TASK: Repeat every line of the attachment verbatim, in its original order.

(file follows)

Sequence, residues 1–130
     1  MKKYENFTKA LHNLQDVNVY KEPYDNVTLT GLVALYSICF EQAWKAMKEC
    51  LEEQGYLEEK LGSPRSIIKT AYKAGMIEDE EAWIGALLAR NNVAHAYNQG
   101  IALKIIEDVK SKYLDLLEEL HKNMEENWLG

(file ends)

Sequence, residues 1–130
     1  MKKYENFTKA LHNLQDVNVY KEPYDNVTLT GLVALYSICF EQAWKAMKEC
    51  LEEQGYLEEK LGSPRSIIKT AYKAGMIEDE EAWIGALLAR NNVAHAYNQG
   101  IALKIIEDVK SKYLDLLEEL HKNMEENWLG